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  1. Are you sure that's not just concerning the fact that they're accepting Pass/Fail credits for prerequisite courses taken during Winter 2020? That seems to be a slightly different issue from what TheHopefulMD is asking about (unless they took their Organic Chem class in Winter 2020).
  2. McGill changed those requirements starting in the current cycle! They no longer calculate a prerequisite GPA to use in the post-interview ranking, which is now based 100% on your MMI performance. Starting in the current cycle the science prerequisites only need to be completed with a grade that would allow one to obtain transfer credit, which iirc at McGill is a C or a C+ but don't quote me on that. So as long as TheHopefulMD's C+ would count for transfer credit and it doesn't hit their cGPA too badly they should be fine.
  3. Yes, you can apply after completing a masters degree. There's no quota because there's no separate admissions category for people with master's degrees. Your cGPA will be calculated based only on your basis of admissions degree, which is your undergraduate degree. Your master's degree won't be factored into your cGPA, and as a result it doesn't matter very much. That said, 7% of the pre-interview ranking is based on "academic context," so having a master's degree will be beneficial there, but they don't publicly say how much.
  4. If you look at the Key Dates page it still says "*(Interviews in February will be held virtually)". Presumably they'd update that first. The page you posted seems to be just a general page that details the process during more normal circumstances. With Montreal probably about to enter another lockdown, it would be bizarre for them to change to in-person interviews in February.
  5. It seems like the Ontario Pharmacists Association is trying to get in on it as well: https://www.readyforwhatsnext.ca/
  6. Well they do look at your prerequisite grades because they need to confirm that they're acceptable. In order for the prerequisite to be accepted, you need to have received at least a high enough grade so that you would receive transfer credit for it. Off the top of my head I think that means you need at least a C or a C+ in the class if it was taken at a university, but the complete requirements are published somewhere on the admissions website. Your prerequisite grades will only be included in the cGPA calculation if they were completed as a part of your basis of admissions degree.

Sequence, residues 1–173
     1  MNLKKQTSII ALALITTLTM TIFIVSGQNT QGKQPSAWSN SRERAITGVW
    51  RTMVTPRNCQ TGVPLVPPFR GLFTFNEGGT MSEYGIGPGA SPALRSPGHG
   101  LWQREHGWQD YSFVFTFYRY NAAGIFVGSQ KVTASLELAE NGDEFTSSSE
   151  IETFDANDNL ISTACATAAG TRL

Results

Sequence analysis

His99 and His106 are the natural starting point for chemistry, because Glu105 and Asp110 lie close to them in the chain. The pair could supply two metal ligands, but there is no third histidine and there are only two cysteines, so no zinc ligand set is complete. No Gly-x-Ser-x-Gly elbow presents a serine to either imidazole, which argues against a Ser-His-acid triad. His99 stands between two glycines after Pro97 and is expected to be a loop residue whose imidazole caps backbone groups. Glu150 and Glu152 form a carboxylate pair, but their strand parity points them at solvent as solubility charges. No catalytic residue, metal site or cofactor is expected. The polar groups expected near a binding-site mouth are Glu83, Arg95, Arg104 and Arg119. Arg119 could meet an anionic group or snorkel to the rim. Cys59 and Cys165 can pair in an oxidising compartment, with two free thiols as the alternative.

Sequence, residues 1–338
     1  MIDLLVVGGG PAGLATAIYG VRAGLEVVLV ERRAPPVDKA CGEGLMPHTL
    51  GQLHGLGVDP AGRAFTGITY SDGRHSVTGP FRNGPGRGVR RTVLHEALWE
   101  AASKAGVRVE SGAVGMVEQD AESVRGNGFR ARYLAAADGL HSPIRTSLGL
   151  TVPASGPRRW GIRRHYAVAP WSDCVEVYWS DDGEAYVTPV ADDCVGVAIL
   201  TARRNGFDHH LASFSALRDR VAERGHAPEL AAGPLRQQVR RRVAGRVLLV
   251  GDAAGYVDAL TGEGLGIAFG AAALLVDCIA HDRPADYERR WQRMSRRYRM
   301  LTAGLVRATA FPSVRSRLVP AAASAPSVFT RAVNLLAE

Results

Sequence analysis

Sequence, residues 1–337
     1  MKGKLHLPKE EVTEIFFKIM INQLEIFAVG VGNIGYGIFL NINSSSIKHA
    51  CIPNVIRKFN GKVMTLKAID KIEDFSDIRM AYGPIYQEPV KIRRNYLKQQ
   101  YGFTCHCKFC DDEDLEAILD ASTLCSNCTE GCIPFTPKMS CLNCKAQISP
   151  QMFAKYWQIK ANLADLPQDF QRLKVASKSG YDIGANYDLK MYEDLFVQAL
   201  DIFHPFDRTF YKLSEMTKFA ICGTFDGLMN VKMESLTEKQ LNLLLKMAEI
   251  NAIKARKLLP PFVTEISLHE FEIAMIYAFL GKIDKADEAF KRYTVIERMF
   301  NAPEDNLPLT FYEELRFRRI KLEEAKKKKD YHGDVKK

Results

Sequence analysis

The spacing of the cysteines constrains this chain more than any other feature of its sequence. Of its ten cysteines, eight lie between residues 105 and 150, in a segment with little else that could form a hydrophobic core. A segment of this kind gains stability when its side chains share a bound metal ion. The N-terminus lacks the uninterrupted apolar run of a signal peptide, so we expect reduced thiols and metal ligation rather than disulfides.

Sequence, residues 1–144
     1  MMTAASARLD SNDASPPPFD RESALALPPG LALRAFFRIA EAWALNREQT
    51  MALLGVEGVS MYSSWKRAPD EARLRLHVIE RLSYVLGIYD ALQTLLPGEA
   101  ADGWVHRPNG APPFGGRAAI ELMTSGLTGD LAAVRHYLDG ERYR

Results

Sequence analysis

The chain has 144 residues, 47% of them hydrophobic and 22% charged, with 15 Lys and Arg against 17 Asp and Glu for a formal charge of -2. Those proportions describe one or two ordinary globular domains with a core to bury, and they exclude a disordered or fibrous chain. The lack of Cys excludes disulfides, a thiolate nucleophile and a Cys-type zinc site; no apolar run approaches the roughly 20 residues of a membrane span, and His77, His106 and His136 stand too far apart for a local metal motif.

7. Your prerequisites should still be valid, if you want to you could email admissions to confirm, but there's no reason for them to be invalid that I'm aware of. They will only count towards your cGPA if they were completed as part of the undergraduate degree that you're currently doing, which I think in practice means that if you did them at a different school than your current one they won't count.
  8. In Canada I think your only option is to do a second undergrad and apply to schools that only look at your best/last two years, or only the second degree. Many schools will award transfer credits from your first degree such that you only have to complete 2 years of coursework. If you're interested in that, then iirc Western will consider your best two years as long as they're both above a 3.7, and I think Queens only looks at your most recent two years of undergrad GPA. If you have a second bachelor's degree, McGill will ignore the first one entirely, but it's very competitive if you're not a